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Consider a (nonlinear) function mapping
one element of the functional model space to
one element of the functional data space :
| |
(1) |

The tangent linear application to at point is
a linear operator defined by the expansion
| |
(2) |

where is a small perturbation in the model space.
The tangent linear application is also known under
the name of *Fréchet derivative* of
at point Tarantola (1987).
Equation (2) can be written formally as

| |
(3) |

where
is a perturbation in the model space, and
is a perturbation in the image space.
If we denote by the *i*^{th} component of ,
and by an infinitesimal element of at location , we can write
| |
(4) |

*G*_{0}^{i} is, by definition, the integral kernel
of the Fréchet derivative , is the volume under investigation,
*d v* is a volume element of and is the
integration variable over .The sensitivity kernel, a.k.a. *Fréchet derivative kernel* ,
*G*_{0}^{i} expresses the sensitivity of
to a perturbation of for
an arbitrary location in the volume .
Sensitivity kernels occur in every inverse problem and have different meanings
depending of the physical quantities involved:

- For
**wideband traveltime tomography**
Bishop et al. (1985); Kosloff et al. (1996); Stork (1992),
is represented by traveltime differences
between recorded and computed traveltimes in a reference medium.
The sensitivity kernels are infinitely-thin rays
computed by ray tracing in the background medium.
- For
**finite-frequency traveltime tomography**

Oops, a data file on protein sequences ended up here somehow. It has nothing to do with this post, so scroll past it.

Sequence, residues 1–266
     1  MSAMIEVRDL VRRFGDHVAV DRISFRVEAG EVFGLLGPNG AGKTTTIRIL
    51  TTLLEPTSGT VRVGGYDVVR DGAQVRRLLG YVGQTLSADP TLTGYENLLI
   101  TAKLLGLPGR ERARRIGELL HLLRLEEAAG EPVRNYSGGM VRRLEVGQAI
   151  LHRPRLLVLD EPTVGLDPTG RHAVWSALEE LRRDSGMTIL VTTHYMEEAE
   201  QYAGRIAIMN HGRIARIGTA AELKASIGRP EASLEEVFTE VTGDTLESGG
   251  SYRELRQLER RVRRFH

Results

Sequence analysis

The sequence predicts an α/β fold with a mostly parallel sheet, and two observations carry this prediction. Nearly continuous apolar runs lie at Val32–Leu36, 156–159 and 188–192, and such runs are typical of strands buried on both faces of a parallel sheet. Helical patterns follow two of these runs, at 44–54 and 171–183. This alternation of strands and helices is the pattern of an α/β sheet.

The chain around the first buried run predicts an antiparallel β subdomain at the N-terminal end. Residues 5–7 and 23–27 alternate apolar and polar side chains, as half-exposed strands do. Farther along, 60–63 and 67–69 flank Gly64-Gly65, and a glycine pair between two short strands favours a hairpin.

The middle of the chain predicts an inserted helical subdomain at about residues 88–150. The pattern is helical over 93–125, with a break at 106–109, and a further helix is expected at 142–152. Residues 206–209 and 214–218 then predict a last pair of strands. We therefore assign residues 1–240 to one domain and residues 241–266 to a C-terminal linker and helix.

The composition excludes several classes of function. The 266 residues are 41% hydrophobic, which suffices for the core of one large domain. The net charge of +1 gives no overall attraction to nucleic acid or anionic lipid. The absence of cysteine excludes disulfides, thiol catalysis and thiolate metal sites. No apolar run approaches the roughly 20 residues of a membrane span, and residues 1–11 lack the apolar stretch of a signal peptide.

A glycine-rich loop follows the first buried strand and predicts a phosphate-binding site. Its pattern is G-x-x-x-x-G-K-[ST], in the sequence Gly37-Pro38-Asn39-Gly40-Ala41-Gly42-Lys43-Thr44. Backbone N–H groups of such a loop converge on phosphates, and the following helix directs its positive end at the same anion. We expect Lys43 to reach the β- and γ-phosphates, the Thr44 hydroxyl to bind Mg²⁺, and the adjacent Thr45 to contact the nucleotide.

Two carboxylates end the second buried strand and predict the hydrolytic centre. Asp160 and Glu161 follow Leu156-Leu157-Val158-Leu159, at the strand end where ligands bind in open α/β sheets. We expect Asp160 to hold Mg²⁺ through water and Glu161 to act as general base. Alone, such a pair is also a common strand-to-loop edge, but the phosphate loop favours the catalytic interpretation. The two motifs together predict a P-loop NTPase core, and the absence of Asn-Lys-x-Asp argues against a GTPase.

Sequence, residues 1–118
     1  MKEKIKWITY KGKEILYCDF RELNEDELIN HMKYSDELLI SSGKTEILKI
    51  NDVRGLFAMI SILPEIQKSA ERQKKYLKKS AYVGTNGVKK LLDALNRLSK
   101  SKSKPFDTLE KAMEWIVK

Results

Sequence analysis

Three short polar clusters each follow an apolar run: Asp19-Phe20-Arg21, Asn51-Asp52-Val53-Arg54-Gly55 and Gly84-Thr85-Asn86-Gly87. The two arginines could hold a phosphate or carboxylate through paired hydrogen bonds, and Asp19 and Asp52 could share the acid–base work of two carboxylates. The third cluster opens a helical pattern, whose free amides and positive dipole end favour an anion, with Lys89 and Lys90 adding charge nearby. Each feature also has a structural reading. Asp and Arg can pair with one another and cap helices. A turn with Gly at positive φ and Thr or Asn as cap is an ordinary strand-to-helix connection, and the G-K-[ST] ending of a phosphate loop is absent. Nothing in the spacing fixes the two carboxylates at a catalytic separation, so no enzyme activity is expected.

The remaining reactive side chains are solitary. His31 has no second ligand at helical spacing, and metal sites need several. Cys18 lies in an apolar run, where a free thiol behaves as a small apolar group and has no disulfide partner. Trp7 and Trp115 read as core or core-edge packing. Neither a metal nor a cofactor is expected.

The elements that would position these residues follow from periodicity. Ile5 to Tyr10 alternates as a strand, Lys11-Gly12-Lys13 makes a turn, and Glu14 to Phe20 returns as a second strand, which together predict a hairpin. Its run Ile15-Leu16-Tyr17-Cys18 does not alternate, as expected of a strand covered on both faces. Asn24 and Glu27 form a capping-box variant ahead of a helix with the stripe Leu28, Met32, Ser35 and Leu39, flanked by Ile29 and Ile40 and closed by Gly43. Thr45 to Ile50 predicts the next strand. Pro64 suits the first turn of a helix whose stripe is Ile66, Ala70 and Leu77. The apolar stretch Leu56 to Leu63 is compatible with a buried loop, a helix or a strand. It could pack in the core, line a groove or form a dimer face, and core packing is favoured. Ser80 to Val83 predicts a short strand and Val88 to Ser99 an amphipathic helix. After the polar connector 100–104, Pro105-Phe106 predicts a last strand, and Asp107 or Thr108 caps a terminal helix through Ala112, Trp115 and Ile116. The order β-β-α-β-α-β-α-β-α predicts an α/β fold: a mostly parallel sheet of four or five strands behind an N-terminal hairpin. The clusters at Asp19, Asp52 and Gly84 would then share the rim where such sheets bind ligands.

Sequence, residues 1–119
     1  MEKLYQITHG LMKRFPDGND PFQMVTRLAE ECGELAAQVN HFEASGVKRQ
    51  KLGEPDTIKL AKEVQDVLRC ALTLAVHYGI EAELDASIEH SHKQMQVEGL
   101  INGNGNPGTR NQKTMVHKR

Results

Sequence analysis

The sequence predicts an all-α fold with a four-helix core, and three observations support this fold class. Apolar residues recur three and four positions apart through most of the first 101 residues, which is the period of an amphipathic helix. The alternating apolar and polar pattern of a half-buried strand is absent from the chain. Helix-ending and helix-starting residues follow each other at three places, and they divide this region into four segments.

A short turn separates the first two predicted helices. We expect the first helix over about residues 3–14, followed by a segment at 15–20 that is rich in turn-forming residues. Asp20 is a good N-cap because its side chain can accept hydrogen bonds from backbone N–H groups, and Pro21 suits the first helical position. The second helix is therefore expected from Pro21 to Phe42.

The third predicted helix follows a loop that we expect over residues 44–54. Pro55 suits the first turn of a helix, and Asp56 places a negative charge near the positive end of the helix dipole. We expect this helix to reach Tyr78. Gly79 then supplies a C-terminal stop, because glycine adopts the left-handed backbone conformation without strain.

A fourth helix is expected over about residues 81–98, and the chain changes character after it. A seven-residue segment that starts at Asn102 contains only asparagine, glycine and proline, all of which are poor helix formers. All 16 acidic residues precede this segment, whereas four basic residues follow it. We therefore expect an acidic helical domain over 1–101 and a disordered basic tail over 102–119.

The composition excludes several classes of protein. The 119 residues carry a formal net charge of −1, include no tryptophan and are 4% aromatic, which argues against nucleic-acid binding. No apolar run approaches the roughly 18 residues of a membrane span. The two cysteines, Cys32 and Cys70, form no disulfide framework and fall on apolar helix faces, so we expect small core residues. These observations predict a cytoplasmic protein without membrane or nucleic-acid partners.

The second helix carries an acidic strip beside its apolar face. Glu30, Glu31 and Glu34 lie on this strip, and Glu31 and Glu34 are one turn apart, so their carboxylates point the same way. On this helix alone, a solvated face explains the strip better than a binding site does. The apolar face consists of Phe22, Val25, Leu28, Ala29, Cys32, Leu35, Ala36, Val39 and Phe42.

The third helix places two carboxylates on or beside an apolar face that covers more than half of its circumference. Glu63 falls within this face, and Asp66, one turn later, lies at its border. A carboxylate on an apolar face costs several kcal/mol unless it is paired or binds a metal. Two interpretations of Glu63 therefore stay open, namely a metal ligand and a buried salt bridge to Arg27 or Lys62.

Dahlen et al. (2000); Hung et al. (2000); Marquering et al. (1999); Rickett (2000),
is represented by time shifts
measured by crosscorelation between the recorded wavefield
and a wavefield computed in a reference medium.
The sensitivity kernels are represented by hollow fat rays
(a.k.a. ``banana-doughnuts'') which depend on the background medium.
- For
**wave-equation tomography**
Pratt (1999); Woodward (1992),
is represented by perturbations
between the recorded wavefield and the computed wavefield
in a reference medium.
The sensitivity kernels are represented by fat rays with similar forms
for either the Born or Rytov approximation.
- For
**wave-equation migration velocity analysis**
Biondi and Sava (1999); Sava and Biondi (2004a,b); Sava and Fomel (2002),
is represented by image perturbations.
The sensitivity kernels are discussed in the following sections.

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Stanford Exploration Project

5/23/2004